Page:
College decides not to purchase Sand Springs

The College will not buy Sand Springs Pool, a swimming pool owned by Williamstown residents Frederick and Helen George, based on a recommendation from the Committee on Priorities and Resources (CPR). In recent weeks it has become apparent that the George family planned to sell Sand Springs, a substantial piece of real estate just north of the Hoosic River, but with this came the possibility that the land, and the pool, could fall into purely private hands.

The issue in front of the committee drew out of a proposal from a group of faculty that would have had the College buy the property and keep it open as a service to the community.

Helen Ouellette, vice president of the College, said that the administration concurred with the recommendation. “The president and senior staff talked about the recommendation and agreed that it was not appropriate for the college to buy the facility,” she said.

However, Ouellette went on to say, “If a local group is interested in keeping the pool open to the community and starts a fundraiser of some sort with this end in mind, the College would certainly support it.”

Many professors have argued that the pool is an important fixture in the College community. On the most basic level, the facility is the only swimming pool open to the public in the town, and during the summer this is an important institution. Susan Dunn, a professor of French and long-time supporter of Sand Springs, stressed its importance for the College. “To attract good faculty, there have to be certain amenities, and a swimming pool for faculty with children is a necessary part of the quality of life in Williamstown,” she said.

James McGregor Burns ’39, a professor of political science emeritus, echoed Dunn’s sentiments. “Above all the pool is a benefit to the community, a place for enjoyment, a place where there are a lot of townspeople and faculty, where there is a lot of mingling between the college and the town,” he said. “Even more, it’s a wonderful place for children, an informal but beautiful place during the summer.”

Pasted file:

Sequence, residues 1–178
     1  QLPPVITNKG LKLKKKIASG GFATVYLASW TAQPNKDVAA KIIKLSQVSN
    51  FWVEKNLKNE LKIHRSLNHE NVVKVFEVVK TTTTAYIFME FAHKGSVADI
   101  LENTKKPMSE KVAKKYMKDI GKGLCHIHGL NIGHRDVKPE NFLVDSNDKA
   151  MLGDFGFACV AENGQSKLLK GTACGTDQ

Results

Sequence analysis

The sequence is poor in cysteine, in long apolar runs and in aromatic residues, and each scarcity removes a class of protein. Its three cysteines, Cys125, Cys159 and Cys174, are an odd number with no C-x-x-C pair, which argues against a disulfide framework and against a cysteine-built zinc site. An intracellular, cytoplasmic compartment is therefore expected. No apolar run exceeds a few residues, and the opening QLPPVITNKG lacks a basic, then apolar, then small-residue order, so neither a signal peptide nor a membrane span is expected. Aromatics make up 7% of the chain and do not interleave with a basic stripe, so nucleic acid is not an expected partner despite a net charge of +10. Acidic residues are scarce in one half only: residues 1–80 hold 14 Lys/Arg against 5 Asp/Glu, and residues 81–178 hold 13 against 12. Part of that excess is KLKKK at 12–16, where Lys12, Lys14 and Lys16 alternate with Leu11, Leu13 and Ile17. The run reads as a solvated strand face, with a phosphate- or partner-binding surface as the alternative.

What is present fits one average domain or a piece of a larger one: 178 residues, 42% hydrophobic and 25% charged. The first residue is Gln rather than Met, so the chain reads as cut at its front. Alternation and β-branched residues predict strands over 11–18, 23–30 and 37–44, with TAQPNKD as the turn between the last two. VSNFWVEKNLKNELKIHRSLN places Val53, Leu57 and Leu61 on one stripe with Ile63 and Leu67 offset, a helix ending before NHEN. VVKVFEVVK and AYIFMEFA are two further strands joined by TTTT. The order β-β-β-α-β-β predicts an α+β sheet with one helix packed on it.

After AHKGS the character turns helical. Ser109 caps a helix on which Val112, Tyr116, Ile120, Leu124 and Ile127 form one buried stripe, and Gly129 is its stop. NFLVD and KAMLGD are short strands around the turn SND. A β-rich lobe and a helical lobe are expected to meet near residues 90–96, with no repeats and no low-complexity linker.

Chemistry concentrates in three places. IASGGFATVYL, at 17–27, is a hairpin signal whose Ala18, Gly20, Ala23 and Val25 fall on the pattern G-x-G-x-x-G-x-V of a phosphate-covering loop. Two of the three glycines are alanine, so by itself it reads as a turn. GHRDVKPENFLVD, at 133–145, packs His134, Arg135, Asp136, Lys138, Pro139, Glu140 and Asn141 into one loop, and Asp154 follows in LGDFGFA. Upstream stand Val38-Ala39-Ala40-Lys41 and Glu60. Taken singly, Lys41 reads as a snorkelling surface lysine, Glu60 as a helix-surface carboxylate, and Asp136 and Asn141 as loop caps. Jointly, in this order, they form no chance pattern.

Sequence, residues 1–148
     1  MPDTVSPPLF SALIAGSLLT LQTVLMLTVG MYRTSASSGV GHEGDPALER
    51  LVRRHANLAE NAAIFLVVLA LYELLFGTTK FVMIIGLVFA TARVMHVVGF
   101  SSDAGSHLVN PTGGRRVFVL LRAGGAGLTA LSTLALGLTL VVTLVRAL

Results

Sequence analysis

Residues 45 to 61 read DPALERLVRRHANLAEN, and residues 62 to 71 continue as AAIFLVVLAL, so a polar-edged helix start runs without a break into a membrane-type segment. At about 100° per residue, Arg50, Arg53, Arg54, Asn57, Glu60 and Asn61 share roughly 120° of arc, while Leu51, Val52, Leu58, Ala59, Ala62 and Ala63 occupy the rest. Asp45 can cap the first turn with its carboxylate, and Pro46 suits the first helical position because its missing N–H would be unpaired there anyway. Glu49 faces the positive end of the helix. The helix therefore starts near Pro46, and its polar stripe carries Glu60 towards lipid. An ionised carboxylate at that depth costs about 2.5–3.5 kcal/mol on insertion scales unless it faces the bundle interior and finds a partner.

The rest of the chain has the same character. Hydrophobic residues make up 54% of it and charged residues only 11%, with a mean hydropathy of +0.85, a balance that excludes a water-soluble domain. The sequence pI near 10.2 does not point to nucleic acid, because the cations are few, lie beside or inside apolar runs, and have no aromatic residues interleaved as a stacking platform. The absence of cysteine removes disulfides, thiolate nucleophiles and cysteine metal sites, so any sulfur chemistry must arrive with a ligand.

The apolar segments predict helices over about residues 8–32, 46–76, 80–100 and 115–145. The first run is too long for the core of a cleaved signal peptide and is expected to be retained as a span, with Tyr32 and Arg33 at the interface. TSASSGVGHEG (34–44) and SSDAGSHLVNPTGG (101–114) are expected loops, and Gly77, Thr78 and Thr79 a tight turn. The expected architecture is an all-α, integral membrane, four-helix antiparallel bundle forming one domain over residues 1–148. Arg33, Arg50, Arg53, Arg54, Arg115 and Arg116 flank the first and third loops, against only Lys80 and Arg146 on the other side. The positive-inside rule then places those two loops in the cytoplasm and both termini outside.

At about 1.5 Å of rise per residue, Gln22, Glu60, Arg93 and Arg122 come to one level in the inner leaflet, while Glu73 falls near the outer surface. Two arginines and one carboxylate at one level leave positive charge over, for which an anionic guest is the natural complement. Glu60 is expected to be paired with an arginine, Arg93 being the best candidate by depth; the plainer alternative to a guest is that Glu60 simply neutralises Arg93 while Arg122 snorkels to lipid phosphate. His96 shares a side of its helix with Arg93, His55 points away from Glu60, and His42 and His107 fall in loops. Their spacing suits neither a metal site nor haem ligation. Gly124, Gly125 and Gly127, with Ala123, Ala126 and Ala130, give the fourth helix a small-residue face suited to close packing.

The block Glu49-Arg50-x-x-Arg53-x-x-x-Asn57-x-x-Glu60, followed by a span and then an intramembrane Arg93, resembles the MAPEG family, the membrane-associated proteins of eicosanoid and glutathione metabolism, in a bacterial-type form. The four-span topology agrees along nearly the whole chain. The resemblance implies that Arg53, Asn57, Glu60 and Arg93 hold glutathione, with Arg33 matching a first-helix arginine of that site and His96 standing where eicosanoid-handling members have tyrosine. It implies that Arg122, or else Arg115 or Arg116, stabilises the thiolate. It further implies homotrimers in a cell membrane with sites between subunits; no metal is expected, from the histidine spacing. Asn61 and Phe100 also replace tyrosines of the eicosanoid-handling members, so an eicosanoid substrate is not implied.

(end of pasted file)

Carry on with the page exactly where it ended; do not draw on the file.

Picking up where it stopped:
The CPR considered these arguments and opinions carefully, according to chairman Bill Wagner, a professor of history. “It’s a place where faculty and staff from different departments can come together, where people can bring their children and mingle,” he said. “It also provides a good opportunity for members of the college community and townspeople to come together and interact. It’s one of the few places in Williamstown where that can happen.” Finally, in virtue of its natural setting, Sand Springs “preserves the rural qualities of the town,” as Wagner said.

The committee agreed that all of these arguments were valid, but ultimately the question at hand was whether the College should buy the entire facility. With an estimated price tag of $1 million, the sheer cost of such an undertaking was reason enough to beg off. The property would have to be acquired, the facility needs improvements to conform with the American Disabilities Act and maintenance fees would have to be earmarked annually.

According to Wagner, this would have been the second highest amount the College would ever have given to the town, the largest being the College’s recent support to the elementary school, totaling almost $2 million, and the next largest amount being for the present Spring Street project, a grant of $700,000.

“It was in this context that we made our decision,” Wagner said, “and with such a substantial amount of money, and next to these other extremely important projects, we just couldn’t justify the purchase of the facility.

“At the end of the day it doesn’t directly relate to the purposes of the College. Obviously it has plenty of beneficial effects, but if we’re thinking about a million dollars, the committee felt we could find a more beneficial place for that money.” He also hinted that their recommendation was in keeping with Williams’ typical way of operating. “The College gets involved in plenty of projects around town – like the elementary school and Spring Street right now – but are these examples of college ownership? No.”

But Wagner was ready to respond to the implications of this statement. “Although ownership is not an option, if there was an effort on the part of the community to purchase Sand Springs for the use of the residents, then the College should make a significant contribution.”

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